Buying Fish for Dinner? Here’s What to Know Before You Go Shopping

Buying Fish for Dinner? Here’s What to Know Before You Go Shopping

What’s better than fresh seafood for dinner? The Chesapeake Bay’s diverse selection of fish — flounder, oysters, blue crabs, oysters and clams to name just a few — tempt even the most finicky palate.

Virginia is the nation’s third largest seafood producer, and while eating local seafood is delicious and healthy, it’s also a wonderful way to support local watermen. Keep in mind that the Chesapeake Bay yields more seafood than any of the other 840 estuaries in the nation.

We’ve got some tips to know both before you buy and after to make sure the local catch in front of you is the best it can be.

Where to buy

Rely on stores and markets with a history of providing safe sustainable seafood. Buy direct from a waterman.

How to select

Use your eyes and nose when shopping for quality seafood.

What’s so fishy? Not the freshest seafood! Seafood should smell fresh, not fishy, sour or ammonia-like. If anything, you should detect an ocean scent.

Avoid fish showing signs of discoloration. If the eyes are staring back at you, they should be clear and bulge slightly. The flesh should be firm and shiny; the gills should be bright red or pink. Fillets should be firm and elastic with no brown along the edges. Test for freshness by pressing the fish. Flesh that “springs back” is freshest. Scales should be tight to the body.

If you’re doing a lot of grocery shopping, remember, seafood is highly perishable, so make it your last item in the cart before checking out.

How much?

You can’t have too much seafood, right?  The general guidelines per person advise a half-pound to 1 pound for a whole fish, 5-7 ounces for fillets, 6-8 ounces for steaks and scallops, and a half dozen for shellfish, such as oysters and clams.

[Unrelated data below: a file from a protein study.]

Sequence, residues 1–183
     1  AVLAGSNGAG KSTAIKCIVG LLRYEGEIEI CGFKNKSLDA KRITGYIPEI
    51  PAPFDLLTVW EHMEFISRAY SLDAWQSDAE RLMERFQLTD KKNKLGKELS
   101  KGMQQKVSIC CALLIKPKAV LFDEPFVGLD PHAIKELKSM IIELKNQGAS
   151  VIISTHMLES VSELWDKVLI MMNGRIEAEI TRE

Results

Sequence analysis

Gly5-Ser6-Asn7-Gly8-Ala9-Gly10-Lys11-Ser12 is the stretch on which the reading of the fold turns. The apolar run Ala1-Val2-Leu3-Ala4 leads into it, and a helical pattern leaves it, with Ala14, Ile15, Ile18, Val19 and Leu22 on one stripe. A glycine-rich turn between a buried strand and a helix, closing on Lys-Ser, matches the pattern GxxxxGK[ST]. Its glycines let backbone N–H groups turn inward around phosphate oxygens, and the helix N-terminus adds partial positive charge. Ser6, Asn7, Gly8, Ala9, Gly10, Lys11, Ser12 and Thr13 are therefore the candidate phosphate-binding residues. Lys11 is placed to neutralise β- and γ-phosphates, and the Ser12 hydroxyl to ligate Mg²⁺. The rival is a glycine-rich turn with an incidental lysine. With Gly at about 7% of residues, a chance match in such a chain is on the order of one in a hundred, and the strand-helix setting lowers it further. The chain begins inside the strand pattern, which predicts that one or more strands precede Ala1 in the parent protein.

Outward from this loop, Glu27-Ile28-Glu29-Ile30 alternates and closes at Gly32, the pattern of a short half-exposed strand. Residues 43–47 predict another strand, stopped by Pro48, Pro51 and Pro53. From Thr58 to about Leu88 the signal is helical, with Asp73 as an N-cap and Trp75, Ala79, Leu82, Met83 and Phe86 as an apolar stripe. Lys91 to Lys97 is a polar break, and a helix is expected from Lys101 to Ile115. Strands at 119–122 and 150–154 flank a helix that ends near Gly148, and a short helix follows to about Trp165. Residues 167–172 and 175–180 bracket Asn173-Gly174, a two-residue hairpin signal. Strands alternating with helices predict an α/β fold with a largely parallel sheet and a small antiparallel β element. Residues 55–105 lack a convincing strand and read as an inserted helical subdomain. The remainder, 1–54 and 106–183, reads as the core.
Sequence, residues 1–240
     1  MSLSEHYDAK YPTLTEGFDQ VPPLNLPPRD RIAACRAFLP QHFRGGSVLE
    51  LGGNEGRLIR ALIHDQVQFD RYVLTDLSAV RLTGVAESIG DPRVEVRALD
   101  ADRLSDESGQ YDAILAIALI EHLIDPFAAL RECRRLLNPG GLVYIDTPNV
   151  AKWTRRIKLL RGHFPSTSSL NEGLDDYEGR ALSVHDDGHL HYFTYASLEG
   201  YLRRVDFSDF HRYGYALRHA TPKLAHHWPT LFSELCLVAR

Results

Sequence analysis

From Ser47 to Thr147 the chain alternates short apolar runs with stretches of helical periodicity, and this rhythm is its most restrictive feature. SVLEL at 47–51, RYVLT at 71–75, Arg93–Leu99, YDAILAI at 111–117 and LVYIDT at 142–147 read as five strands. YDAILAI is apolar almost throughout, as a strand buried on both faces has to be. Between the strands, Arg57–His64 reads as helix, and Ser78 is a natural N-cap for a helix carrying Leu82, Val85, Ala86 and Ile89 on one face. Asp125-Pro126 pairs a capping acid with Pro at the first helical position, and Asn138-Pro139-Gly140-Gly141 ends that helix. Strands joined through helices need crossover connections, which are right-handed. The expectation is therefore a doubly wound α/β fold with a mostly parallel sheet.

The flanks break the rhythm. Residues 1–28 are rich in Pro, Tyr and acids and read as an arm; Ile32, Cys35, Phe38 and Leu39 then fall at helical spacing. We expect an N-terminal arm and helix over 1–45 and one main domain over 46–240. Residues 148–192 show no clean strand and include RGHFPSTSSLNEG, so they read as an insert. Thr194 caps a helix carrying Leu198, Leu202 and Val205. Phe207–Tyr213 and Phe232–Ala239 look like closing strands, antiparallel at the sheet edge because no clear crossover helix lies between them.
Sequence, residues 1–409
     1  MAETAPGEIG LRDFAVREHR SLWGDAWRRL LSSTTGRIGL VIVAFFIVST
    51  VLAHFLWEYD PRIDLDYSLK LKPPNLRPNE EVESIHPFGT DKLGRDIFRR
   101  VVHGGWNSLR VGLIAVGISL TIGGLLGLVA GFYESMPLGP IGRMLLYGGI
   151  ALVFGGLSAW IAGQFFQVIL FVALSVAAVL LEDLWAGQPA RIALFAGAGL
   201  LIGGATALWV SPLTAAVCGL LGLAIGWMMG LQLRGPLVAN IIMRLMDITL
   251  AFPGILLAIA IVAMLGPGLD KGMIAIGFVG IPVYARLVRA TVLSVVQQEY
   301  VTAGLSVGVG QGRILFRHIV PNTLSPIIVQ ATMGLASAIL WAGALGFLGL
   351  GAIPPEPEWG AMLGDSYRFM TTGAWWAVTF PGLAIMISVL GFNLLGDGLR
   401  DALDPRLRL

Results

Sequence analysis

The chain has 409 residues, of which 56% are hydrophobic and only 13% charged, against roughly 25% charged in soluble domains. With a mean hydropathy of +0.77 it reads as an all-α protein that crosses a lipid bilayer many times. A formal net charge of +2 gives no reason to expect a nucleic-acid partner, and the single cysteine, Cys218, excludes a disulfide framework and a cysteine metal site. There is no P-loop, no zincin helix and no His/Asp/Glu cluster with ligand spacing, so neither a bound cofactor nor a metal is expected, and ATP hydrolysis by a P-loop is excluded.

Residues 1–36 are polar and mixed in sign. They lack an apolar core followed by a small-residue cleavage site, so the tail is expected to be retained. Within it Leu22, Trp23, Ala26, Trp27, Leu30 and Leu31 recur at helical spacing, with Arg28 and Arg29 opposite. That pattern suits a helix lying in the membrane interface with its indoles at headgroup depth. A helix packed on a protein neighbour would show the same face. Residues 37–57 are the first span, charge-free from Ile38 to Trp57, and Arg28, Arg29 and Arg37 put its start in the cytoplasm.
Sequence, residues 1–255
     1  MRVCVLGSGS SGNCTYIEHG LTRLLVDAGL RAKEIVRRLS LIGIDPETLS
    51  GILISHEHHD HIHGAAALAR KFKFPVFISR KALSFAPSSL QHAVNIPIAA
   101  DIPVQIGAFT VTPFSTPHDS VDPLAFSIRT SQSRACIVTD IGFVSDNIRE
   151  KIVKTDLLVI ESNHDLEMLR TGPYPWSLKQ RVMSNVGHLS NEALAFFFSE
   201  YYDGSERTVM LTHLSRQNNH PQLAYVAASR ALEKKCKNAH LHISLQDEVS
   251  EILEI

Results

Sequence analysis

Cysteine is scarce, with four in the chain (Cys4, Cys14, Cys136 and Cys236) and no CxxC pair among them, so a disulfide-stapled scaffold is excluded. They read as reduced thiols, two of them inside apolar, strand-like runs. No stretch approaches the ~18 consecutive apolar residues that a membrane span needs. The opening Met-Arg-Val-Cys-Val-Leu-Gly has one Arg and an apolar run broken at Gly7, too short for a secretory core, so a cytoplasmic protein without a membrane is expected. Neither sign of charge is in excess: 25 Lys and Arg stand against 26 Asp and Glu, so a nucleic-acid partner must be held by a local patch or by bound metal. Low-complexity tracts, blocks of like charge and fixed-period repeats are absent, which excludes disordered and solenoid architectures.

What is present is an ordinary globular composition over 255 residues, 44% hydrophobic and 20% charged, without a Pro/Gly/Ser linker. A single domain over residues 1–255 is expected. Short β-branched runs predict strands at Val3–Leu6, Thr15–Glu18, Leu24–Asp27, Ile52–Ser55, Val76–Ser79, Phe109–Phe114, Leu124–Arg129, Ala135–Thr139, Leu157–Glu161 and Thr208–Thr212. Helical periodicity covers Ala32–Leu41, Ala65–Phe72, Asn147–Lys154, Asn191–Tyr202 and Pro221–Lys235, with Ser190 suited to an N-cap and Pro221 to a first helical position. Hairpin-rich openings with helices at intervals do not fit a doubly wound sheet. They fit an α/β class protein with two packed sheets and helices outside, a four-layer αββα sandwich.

Fresh or frozen?

Yes, please! Good News: The quality and safety of frozen seafood is comparable to fresh. Of course, avoid any products that show signs of freezer burn. Make sure your package isn’t torn or crushed and avoid packaging with ice crystals forming on the outside.

Be aware of the following terms:

  • “Fresh frozen” indicates that the seafood was frozen while fresh.
  • “Previously frozen” means the seafood was frozen and thawed for retail sale.

If seafood is purchased frozen and kept frozen, it can last a long time. Flounder lasts up to a year in the freezer while scallops are good for 9 months. White perch, sea trout, rockfish and soft-shell crabs should only be frozen up to 9 months.

If seafood is purchased fresh and then frozen at home, its shelf life is shorter. Flounder can last up to 8 months and soft-shell crabs lasts as long as 6 months. Eat scallops within 5 months; white perch, sea trout, rockfish, croaker, spot and blue crabmeat should be eaten within 4 months. Herring purchased fresh and later frozen lasts just 2 months in the freezer.

While ideally fresh seafood that is stored in the refrigerator should be eaten within a day or two, there are exceptions. Live oysters can last 7-10 days while the shucked ones can be good as long as a week. Eat blue crabmeat within a week unless it’s pasteurized (that can last up to 6 months, but eat 2-3 days after opening). Scallops can last 4 days in the refrigerator and clams, up to 3 days. Shucked clams can last as long as 5 days.

Some shellfish advice

Shells of live clams and oysters should be moist and tightly closed. Don’t purchase cracked shells. Scallops should be firm with a sweet aroma. Live blue crabs and soft-shell crabs should show some movement. Avoid any shellfish with a strong odor.

Once you’re home

Don’t buy seafood and forget about it for a week. Most seafood you wan to consume within two days of purchase. Take note of the “use-by” date on the package.

Wrap your seafood purchase in plastic wrap, place it in a plastic bag and cover with ice. Replenish ice regularly. If you’ve purchased live shellfish, place it in a shallow container that isn’t airtight. Line it with moistened paper towels. If you see an open shell, tap it. It should close. If not, discard. Store cooked crabmeat in a moisture-proof bag or airtight container.

Make sure you keep your seafood in the coldest part of the refrigerator, ideally a “meat keeper.”

If you’re not planning to eat it within two days, freeze the package in a bag or wrap tightly to avoid freezer burn.

Local, local

The freshest and most delicious seafood is in Virginia. No need to look anywhere else!